Is Lumen more performance heavy than old dynamic lightning or less?

Imagine a scene with a big hall, there are thirty Rect Lights.
a) Lumen is off, no static lights, all lights are dynamic
b) Lumen is on, no static lights, all lights are dynamic
What is more performance heavy, A or B? I’m not asking what would look better, I’m only interested in performance. Thanks

Assuming all variables are unchanged except switching Lumen on; B will be significantly more expensive, by a wide margin.

Lumen has all the same costs as regular dynamic lighting (as I understand it), plus a lot more.

By wide marging Akiras means.
Turn on Lumen = get 2fps.

With lumen’s new direct lighting solution, I’m not so sure. They’ve cooked up a many-lights direct shadowing solution via lumen’s screenprobegather that (according to their numbers) is cheaper than shadowmaps, DF shadows, or VSMs. Low-scalability lumen might be cheaper, actually.

Lumen has direct shadowing now? Where can I find this?

Shouldn’t be that bad (assuming they’ve got a gpu that meets lumens requirements)

Github, UE5 Main. Not available in the current release, but the performance numbers are already looking quite impressive. I’d expect it in 5.1, they’ve outlined how it has clear limitations, but it’s in active development. From my understanding, I think it might be Epic’s answer to ReSTIR, with the ultimate goal being cheap many-light sampling.

Do you have a github commit or something I can read? I am already on ue5-main (compiled yesterday), but I’ve seen nothing like what you’re describing.


They’ve overhauled many of the limitations already, but this was just the usf I could find documenting it. I’ve yet to try it out but it looks promising.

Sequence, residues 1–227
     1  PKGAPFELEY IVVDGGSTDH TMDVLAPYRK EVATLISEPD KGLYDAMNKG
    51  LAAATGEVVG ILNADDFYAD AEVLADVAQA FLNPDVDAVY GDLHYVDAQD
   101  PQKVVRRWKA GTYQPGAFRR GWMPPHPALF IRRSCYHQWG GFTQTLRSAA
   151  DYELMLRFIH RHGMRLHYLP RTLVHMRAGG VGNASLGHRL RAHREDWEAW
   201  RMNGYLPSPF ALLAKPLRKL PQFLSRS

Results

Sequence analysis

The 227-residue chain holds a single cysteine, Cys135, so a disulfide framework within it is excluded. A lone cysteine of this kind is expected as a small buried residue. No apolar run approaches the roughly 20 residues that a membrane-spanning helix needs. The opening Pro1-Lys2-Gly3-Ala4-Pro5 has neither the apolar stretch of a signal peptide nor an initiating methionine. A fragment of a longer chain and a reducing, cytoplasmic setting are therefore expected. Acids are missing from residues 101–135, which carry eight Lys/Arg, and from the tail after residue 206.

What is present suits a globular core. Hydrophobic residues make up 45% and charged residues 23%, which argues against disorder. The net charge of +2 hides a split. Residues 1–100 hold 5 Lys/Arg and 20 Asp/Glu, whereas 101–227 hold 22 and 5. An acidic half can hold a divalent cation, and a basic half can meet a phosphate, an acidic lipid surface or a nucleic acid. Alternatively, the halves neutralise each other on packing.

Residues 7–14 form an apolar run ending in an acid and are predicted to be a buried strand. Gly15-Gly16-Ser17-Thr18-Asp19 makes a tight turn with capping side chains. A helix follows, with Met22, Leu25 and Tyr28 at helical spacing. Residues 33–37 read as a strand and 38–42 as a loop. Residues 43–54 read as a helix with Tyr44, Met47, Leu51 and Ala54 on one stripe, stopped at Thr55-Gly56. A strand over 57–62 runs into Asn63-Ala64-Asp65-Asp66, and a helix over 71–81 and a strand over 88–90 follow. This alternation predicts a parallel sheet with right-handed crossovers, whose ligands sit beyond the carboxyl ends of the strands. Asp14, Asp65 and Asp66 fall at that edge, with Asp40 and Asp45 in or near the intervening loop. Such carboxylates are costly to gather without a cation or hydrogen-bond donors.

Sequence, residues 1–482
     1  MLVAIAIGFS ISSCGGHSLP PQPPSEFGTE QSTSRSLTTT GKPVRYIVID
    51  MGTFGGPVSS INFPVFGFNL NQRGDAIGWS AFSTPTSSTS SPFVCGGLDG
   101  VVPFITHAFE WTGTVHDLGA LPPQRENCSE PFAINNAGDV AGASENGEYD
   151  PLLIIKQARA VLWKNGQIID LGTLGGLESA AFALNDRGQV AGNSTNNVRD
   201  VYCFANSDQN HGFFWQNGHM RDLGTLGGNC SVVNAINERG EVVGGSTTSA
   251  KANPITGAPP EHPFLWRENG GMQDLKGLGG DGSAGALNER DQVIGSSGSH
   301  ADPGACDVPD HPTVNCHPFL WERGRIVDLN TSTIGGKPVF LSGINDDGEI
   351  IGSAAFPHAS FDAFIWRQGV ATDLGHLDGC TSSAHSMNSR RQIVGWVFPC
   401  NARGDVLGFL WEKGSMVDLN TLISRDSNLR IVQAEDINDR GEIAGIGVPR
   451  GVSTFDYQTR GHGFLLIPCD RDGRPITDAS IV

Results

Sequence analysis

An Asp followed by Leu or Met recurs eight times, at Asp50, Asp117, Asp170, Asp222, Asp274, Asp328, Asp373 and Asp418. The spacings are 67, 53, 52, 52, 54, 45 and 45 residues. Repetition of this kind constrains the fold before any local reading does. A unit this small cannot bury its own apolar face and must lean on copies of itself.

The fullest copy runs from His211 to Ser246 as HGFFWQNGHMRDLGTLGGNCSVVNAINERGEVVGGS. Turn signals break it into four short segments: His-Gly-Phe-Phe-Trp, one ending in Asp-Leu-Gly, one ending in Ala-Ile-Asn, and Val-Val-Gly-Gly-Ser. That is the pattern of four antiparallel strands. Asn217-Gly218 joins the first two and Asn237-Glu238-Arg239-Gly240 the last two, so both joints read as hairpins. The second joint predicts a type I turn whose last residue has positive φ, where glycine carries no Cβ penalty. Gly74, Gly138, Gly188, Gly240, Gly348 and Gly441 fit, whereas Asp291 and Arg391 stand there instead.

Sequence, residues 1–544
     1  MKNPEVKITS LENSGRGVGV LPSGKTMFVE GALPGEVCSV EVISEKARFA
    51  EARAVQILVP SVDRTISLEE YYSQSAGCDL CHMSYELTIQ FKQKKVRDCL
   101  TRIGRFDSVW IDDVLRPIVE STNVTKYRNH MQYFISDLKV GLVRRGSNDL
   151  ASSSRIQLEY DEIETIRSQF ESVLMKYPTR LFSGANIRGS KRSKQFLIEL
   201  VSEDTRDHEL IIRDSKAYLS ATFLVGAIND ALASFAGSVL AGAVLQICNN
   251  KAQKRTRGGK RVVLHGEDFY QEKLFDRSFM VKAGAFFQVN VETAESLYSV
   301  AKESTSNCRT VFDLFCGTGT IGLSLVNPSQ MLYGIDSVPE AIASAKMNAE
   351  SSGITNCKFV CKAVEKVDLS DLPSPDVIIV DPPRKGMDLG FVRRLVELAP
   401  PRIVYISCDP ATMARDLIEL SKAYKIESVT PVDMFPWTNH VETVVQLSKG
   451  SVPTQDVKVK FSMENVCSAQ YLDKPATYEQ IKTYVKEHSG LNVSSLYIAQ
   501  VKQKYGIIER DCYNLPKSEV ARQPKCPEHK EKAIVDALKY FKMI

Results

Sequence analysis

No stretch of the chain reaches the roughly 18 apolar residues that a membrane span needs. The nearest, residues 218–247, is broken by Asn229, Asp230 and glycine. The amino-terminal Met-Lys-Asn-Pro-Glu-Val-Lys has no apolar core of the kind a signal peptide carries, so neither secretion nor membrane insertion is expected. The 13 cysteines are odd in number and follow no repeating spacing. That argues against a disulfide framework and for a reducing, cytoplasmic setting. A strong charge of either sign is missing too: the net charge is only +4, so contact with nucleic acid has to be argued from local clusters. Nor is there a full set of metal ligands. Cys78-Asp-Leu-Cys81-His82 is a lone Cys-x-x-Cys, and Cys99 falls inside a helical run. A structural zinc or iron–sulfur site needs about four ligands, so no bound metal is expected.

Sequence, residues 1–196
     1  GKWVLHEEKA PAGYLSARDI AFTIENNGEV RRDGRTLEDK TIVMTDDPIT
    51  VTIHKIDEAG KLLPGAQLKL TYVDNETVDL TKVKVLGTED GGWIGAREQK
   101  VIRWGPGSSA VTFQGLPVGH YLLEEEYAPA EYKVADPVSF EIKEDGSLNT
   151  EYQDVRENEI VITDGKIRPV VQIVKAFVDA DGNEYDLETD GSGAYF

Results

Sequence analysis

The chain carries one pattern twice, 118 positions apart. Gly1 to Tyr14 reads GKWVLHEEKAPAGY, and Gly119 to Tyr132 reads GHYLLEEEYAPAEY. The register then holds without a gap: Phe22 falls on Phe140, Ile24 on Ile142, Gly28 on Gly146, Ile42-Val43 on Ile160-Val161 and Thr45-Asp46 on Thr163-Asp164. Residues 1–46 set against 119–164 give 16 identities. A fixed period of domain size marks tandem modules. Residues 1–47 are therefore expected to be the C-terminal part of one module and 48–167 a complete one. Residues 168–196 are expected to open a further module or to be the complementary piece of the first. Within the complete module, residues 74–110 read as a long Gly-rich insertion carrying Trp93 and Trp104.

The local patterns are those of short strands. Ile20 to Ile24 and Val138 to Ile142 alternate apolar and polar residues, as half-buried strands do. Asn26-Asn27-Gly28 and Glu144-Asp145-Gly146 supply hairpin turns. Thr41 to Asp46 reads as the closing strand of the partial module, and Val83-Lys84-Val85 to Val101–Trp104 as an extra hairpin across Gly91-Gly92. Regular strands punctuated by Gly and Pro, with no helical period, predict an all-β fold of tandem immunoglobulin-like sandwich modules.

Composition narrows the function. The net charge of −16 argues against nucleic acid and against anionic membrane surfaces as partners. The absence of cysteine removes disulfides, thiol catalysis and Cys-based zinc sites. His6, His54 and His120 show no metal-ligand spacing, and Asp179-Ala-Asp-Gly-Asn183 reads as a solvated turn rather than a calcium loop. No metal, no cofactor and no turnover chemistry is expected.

That being said, I’m unsure about results. Even Nvidia’s RTXDI yielded pretty bad results for not much perf gained back when I tried it out.

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Thanks man; I appreciate you digging it up for me. I wouldn’t say it’s very usable right now. But I’m glad to see the effort being made into make Lumen scale down.

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Jeez, you’re right. RTXDI wasn’t great in motion, but it would converge on ground truth in a handful of milliseconds. That is visual soup. To be fair, RTXDI has been in the works for three years, and LDI (lumen direct illumination?) for two months. I agree, they’re clearly trying to make dynamic GI with acceptable quality fit in a small frame budget. And candidly, while I am amazed at how far they’ve come, they’ll still need a bit more work I believe. Amortizing direct lighting costs into lumen is a very clever scalability trick.

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Could you do a distance field visualization? I’d like to be able to see how LDI is casting shadows as it relates to the scene it’s actually basing them on. I’ll bet when they get around to adding support for hardware ray-tracing, quality will be more acceptable.

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Top: MDF
Bottom: GDF
(obviously, heh)

Here’s an on/off with the lumen SDF scene (in case thats what you really wanted)

Either of you experimented with CryEngine?
I suggest everyone give it a go.

Their voxel based ray tracing is likely the best/performance ok solution out there.

I seriously doubt Epic will ever manage to come close (when they seem to focus on other things instead of real rendering for game applications)…